The Comparison of Theories of Personality

Published: 2021-07-01 06:48:10
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Category: Theories, Personality

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Students may compare any two theories of personality, and are required to highlight the main similarities and differences between the two. They should have a paragraph somewhere highlighting each theory's main propositions/ tenets in order to build a strong argument. The most common comparisons you will probably come across will be between psychoanalysis and nonprofessionals, and between psychoanalysis and behaviorism. Psychoanalysis and nonprofessionals The mall theorists for these two sections respectively are Sigmund Freud and Carl
Jung. The major similarities lie in their ideas of the preconscious (Freud) and the personal unconscious Nouns) - they need to explain this similarity a bit. Both constructs refer to the part of the psyche that contains memories, thoughts, and emotions that have been momentarily forgotten or stored away and can be recalled back Into the conscious mind. It's not enough to Just highlight that there is a difference. Another salutary Is the Idea of the old (Freud) and the shadow (lung). Both of these constructs indicate that we possess a darker side of ourselves that is driven by animal-like impulses.
Both Freud and Jung acknowledge the existence and function of the ego. Both acknowledge the existence and functionality of the conscious mind. One of the major differences between these two theorists/ approaches Is that Freud placed much more emphasis on sexuality than did Jung. Jung also believed that our personality develops throughout our lifetime whereas Freud believed that personality stopped developing at age 18. Do not award marks for comparisons about Jung or Fraud's personal lives - this is not relevant to the question. If other differences/ similarities have been correctly pointed out, you can reward this.



Psychoanalysis and behaviorism Behaviorism rejects the idea of the unconscious, whereas psychoanalysis is founded on the Idea of the unconscious. Behaviorist's argue that personality develops throughout a lifetime whereas psychoanalysts argue that personality develops up till the age of 18. Behaviorist's: behavior Is driven by experiences of being rewarded or punished for certain behaviors. Psychoanalysts: behavior is driven by internal conflicts between the id, ego, and superego. Behaviorism theory can be scientifically validated; psychoanalytic theory cannot.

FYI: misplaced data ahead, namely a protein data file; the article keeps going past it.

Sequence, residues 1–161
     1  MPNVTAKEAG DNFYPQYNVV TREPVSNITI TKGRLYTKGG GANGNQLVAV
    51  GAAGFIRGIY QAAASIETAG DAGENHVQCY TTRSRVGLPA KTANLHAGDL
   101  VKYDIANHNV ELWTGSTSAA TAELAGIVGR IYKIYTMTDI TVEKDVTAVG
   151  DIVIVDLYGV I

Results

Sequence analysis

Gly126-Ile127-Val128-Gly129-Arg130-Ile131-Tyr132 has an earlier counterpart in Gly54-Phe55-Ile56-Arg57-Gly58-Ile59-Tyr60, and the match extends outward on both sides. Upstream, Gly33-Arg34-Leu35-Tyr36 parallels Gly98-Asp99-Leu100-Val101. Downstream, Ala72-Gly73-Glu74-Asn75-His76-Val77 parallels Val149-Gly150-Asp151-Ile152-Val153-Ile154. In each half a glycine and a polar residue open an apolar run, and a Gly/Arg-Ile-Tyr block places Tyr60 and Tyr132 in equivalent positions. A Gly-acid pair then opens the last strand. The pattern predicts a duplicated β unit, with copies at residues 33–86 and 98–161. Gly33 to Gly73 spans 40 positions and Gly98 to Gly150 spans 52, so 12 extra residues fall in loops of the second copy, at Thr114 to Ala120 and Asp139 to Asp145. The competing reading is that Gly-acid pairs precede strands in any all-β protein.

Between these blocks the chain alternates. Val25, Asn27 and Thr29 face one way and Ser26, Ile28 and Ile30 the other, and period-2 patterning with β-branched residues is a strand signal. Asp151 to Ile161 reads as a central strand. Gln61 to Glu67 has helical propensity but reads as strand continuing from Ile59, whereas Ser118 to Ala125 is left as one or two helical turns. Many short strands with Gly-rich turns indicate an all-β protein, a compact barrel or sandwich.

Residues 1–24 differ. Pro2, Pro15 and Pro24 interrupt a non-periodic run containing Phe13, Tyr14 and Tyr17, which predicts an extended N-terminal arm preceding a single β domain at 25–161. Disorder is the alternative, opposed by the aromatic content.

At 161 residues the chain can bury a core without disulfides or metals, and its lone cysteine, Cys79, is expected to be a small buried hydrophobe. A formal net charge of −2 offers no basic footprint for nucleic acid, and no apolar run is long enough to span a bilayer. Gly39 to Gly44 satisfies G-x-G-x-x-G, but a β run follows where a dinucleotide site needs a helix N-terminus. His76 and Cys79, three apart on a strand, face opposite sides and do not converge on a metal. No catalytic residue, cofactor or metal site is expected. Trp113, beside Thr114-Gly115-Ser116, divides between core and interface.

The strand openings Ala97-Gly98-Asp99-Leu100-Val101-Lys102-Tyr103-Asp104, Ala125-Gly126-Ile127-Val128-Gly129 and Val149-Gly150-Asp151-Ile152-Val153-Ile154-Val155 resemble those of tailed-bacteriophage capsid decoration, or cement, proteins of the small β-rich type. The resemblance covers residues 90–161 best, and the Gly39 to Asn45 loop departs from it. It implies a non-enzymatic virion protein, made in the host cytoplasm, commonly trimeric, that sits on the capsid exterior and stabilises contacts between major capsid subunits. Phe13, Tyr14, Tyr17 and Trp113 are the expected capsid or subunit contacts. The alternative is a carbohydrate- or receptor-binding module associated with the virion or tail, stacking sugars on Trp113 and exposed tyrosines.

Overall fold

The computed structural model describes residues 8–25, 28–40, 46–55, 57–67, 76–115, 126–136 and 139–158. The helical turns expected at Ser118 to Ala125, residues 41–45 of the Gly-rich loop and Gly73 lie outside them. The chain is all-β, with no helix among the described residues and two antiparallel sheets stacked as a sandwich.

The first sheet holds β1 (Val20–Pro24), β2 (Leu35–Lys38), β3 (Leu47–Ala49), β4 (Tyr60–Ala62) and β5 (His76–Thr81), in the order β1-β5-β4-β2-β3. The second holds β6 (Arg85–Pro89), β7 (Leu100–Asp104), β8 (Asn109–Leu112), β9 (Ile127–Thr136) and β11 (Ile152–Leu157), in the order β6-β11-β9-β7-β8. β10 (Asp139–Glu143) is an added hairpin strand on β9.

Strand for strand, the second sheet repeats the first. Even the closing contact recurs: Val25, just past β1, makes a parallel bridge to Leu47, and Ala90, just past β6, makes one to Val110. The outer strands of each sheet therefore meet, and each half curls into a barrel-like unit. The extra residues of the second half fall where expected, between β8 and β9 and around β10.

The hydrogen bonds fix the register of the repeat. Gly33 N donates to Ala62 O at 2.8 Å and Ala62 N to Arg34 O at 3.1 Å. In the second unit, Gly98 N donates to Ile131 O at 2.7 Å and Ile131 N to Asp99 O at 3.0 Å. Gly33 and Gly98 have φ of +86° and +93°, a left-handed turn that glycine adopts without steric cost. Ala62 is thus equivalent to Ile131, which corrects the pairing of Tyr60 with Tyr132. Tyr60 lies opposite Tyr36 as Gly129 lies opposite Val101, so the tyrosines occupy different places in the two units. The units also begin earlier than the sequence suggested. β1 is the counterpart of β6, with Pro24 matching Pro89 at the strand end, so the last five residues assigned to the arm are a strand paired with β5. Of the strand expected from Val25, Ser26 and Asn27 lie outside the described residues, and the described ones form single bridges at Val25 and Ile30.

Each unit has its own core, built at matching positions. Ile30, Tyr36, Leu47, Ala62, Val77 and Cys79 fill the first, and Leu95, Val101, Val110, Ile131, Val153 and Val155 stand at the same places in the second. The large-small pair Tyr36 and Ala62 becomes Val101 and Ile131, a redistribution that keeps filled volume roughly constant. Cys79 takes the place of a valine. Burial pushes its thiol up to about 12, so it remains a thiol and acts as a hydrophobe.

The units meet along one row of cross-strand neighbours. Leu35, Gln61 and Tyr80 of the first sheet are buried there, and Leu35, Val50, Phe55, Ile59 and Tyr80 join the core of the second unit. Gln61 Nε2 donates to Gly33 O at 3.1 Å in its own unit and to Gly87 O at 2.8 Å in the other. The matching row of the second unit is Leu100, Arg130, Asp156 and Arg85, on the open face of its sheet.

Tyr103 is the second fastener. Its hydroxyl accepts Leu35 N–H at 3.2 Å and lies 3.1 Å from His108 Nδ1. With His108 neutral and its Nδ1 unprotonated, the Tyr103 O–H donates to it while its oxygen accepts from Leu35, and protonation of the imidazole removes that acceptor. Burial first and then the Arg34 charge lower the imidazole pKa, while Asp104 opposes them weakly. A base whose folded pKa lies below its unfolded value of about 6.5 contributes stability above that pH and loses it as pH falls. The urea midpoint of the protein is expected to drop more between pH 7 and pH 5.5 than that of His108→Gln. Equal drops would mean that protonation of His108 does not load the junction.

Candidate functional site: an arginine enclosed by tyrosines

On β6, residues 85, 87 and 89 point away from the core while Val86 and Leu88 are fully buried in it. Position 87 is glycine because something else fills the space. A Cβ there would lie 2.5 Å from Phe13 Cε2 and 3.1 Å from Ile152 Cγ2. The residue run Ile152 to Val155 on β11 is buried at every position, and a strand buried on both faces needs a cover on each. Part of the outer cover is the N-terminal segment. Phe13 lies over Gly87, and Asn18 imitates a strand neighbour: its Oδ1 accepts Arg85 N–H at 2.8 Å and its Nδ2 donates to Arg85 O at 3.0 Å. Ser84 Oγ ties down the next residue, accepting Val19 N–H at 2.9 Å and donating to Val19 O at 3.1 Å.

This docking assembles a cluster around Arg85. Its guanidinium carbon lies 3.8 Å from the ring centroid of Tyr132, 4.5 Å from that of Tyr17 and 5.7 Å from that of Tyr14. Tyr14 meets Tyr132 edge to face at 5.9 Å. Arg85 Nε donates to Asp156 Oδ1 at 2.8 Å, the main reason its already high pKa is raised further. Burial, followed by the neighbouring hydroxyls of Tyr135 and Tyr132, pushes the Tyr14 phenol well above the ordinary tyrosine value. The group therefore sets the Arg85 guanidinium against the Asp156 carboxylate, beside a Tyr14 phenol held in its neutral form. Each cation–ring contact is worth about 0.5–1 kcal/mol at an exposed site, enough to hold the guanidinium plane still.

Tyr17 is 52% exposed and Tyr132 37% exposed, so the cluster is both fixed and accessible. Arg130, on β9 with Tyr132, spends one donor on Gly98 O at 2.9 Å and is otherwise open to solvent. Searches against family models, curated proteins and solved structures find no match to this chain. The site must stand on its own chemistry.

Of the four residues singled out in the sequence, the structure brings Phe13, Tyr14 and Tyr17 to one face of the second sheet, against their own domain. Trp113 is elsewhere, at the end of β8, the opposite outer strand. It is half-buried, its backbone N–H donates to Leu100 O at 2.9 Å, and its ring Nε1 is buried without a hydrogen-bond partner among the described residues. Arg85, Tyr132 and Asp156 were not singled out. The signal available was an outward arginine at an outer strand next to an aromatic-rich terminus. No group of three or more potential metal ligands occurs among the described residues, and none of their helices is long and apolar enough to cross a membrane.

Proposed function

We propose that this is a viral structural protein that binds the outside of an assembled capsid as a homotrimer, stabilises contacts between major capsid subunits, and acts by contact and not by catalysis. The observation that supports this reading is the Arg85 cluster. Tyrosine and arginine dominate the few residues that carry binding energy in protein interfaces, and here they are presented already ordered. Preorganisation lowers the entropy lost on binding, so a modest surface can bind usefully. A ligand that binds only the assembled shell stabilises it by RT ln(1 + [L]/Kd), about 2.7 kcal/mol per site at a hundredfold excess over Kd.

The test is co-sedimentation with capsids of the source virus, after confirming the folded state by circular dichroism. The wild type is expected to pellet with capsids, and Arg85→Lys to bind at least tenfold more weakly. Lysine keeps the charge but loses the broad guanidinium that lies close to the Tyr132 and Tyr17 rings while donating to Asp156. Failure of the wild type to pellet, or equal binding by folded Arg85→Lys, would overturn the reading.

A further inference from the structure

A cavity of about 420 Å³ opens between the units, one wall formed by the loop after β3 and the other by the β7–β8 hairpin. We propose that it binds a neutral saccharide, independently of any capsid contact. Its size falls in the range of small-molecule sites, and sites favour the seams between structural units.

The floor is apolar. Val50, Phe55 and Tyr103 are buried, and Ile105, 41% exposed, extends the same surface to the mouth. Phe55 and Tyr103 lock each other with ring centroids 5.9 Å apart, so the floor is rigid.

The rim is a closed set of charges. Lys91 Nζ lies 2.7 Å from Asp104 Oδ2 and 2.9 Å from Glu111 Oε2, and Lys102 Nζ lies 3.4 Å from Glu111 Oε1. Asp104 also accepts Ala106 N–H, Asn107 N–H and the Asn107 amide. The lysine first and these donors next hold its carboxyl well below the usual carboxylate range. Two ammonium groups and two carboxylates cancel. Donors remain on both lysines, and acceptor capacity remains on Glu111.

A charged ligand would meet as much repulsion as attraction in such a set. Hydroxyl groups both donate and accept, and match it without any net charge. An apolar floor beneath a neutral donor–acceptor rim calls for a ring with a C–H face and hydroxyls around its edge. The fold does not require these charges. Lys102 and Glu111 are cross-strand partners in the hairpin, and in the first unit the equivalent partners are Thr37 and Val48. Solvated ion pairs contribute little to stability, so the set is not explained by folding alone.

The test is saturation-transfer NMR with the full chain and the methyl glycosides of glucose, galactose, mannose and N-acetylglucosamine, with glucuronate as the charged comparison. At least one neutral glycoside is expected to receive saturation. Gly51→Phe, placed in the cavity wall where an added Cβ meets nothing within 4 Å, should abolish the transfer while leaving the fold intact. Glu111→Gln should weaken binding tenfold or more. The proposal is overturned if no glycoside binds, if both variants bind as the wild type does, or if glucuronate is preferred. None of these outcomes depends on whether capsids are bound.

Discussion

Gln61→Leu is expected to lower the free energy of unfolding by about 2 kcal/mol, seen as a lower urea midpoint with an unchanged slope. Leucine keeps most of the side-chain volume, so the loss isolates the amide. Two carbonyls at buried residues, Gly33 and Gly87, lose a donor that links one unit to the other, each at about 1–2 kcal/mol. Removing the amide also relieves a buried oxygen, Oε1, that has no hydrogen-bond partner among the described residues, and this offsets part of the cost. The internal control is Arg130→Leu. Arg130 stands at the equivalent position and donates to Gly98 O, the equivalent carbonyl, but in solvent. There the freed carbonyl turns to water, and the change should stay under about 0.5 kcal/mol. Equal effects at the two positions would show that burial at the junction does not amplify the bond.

A similarity between these theories is that either of them truly accounts for human agency and free will and both have been criticized on this basis Other comparisons The students may use other approaches to compare and contrast to answer the question. This is perfectly fine. The points above are two of the most common ones you are likely to be looking at. Other approaches may include the lifep approach, the trait approach, or the humanistic approach (these are the approaches they have covered so far In lectures) They may compare and contrast any two theories, as long the two theories.
It is not sufficient to only highlight their similarities or to only gaslight their differences. The main tenets of each theory are outlined below. Use your discretion in looking at how the students have made their comparisons. The lifep approach Main proponent/ theorist was Erik Erikson who was described as an ego psychologist. He was highly influenced by Sigmund Freud (psychoanalysis) and his theories and therefore we may see many similarities in their theories particularly in the stages of development.
Personality develops throughout one's lifetime (and does not stop at 18 as Freud suggested). Erikson was much more interested in the influence of the social environment on the individual whereas his influencer, Freud, placed more emphasis on the sexual dimension of development. Erikson: psychosocial stages of development; Freud: psychosocial stages of development. Erikson criticized for male bias; Freud criticized for his sexist account of development. Both theorists believed women to be inferior to men in their development.
The trait approach Main proponent is Raymond Chattel Believed that our traits can be used to predict our behavior Surface traits = overt behaviors that people show consistently Source traits = underlying source of reface traits Chattel developed PUFF questionnaire to determine most prominent traits in an individual McCrae and Costa developed the 5 factor model of personality: openness; conscientiousness; extroversion; agreeableness; neurotics The humanistic approach Main proponents: Carl Rogers and Abraham Moscow Rogers believed that all humans have one basic need: unconditional positive regard Moscow believed that we have a hierarchy of needs, and our fixations at any one level of the hierarchy will determine the type of personality which we develop Mascots theory lacks scientific rigor

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